Black Knight Financial Services said that mortgage originations at the end of February were at the lowest levels in at least 14 years, as far back as the company has kept records.  Still, the company's Senior Vice President of Data and Analytics said real estate sales have remained relatively steady, thanks to the number of cash transactions. 


Herb Blecher explained in the most recent edition of Black Knight's Mortgage Monitor, "February's data showed the continued trend of declining origination activity we've been observing since mid-2013, with monthly originations falling to their lowest recorded point since at least 2000.  In spite of this decline, residential real estate sales have remained strong due at least in part to investor activity and the fact that cash sales account for almost half of all transactions. In addition, while total transaction levels were flat on a year-over-year basis, traditional (or "non-distressed") sales were up almost 15 percent from last year as the share of distressed transactions continues to decrease."



Blecher said that the steady resolution of distressed loan inventories has led to a significant decline in loan modifications through 2013 and the year ended with near post-crisis lows although changes to the FHA version of the Home Affordable Modification Program (HAMP) have increased modification activity in the first months of this year.  



He noted that the industry's modification efforts have matured and fewer borrowers are re-defaulting that in earlier years.  He cautioned however that, "More than 95 percent of the roughly 2.5 million interest rate reduction modifications still face rate resets, with many of these set to begin adjusting this fall. As these are controlled resets, we do not expect drastic changes in monthly mortgage payments at first, but will monitor these loans closely to assess the level of risk. We do see that, even after modification, borrower equity continues to play a significant role, with re-default rates approximately 30 percent higher for underwater borrowers."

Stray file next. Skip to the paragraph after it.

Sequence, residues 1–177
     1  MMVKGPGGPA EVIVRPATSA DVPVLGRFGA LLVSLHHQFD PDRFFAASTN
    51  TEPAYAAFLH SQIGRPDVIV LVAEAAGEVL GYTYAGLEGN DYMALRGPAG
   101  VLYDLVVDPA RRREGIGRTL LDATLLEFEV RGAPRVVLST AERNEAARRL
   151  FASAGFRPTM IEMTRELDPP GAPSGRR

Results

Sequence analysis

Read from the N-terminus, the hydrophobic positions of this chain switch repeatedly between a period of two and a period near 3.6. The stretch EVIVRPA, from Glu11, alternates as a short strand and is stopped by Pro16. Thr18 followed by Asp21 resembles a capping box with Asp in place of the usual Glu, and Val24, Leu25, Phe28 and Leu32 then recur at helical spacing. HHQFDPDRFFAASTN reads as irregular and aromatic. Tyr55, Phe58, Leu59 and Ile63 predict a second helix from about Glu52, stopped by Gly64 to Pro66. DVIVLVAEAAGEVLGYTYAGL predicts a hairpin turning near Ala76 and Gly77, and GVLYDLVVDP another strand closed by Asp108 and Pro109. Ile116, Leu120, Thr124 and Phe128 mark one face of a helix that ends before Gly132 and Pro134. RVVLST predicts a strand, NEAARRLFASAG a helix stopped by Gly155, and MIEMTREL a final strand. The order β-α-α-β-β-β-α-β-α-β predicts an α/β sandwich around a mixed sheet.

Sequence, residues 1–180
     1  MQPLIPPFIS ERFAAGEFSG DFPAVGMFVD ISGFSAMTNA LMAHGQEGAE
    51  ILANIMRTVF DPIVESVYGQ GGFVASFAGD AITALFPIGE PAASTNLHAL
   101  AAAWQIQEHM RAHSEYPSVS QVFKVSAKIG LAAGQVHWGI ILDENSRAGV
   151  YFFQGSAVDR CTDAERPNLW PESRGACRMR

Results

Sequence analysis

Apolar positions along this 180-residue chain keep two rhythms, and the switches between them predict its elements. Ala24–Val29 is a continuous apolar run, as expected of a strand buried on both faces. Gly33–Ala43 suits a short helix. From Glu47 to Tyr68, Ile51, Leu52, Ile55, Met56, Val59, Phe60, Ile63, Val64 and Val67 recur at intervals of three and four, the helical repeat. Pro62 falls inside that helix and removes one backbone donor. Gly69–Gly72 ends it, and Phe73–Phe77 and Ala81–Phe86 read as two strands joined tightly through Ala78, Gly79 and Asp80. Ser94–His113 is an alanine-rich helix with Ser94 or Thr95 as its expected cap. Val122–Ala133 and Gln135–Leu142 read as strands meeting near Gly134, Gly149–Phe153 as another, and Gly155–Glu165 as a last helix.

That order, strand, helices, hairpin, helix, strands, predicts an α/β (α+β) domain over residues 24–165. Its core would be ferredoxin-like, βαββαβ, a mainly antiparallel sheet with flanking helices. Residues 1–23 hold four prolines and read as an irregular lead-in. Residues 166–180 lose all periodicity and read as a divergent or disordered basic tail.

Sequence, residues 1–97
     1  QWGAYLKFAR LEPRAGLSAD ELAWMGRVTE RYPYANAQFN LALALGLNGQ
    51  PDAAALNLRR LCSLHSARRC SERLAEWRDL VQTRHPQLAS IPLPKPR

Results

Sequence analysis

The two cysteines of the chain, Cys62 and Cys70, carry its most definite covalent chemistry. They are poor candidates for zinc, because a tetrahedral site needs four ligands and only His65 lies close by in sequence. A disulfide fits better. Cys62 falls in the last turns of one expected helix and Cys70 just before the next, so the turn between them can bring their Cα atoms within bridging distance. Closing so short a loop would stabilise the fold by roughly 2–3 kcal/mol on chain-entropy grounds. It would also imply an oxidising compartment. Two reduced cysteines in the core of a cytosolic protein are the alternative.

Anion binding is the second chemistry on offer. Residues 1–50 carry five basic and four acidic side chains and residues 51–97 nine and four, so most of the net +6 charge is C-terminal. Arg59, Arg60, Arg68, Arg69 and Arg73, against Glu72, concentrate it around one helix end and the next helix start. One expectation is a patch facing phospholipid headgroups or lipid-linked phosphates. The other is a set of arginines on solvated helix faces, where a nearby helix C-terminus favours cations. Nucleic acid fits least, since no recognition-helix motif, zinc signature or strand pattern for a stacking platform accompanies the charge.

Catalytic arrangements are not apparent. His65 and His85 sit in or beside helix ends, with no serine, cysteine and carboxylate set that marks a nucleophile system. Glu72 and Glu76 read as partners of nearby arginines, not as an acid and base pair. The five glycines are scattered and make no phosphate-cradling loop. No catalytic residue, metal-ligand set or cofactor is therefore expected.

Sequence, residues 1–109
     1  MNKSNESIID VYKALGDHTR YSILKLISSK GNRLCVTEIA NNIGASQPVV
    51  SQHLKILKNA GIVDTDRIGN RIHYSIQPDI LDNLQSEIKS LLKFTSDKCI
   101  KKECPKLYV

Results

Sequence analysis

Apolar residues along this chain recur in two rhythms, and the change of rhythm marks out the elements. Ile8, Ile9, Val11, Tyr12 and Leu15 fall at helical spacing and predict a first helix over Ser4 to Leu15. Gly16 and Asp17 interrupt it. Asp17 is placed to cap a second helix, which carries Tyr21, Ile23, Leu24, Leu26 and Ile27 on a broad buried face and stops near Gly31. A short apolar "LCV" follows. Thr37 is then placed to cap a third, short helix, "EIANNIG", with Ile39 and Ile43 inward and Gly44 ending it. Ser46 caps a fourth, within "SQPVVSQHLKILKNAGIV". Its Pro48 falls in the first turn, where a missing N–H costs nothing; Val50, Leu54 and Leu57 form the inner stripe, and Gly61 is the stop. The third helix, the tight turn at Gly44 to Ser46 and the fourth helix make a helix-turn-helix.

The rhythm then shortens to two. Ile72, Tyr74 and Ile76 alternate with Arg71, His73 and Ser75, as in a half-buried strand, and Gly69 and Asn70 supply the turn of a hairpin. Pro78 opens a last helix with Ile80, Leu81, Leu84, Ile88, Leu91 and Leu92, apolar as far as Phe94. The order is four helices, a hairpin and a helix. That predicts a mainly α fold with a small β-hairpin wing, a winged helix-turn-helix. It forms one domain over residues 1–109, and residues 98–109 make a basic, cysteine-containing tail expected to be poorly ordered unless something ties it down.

The company said that prepay speeds are also signaling further drops in the volume of refinancing originations.  The decreasing share of government originations has been largely driven by a sharp drop in the Home Affordable Refinance Program (HARP) which is aimed at refinancing existing Fannie Mae and Freddie Mac mortgages.



The company said that credit standards have shown no signs of loosening.  Less than one-third of mortgage originations are taking place among borrowers with credit scores below 719 and less than 10 percent among borrowers with scores under 659.  Blecher pointed out that this indicates that there is significant opportunity to expand mortgage origination activity if risk appetites allow."




The Monitor also looked at the impact of new Consumer Financial Protection Bureau (CFPB) rules which went into effect in January and noted a sharp shift in the timing of foreclosure starts.  CFPB rules require that a loan be at least 120 days delinquent before a foreclosure can be initiated and in response foreclosure starts at 90 days have all but disappeared.  At the same time starts at four months have risen over 100 percent since December.



At the same time, foreclosure sales hit the lowest levels since 2007. With fewer loans in the foreclosure process, these numbers will continue to decline, but the result has been an increase in pipeline ratios (the time necessary to clear through the backlog of loans either seriously delinquent or in foreclosure at the current rate of foreclosure sales). The average loan in foreclosure is now 2.6 years past due (vs. 0.7 years in 2008)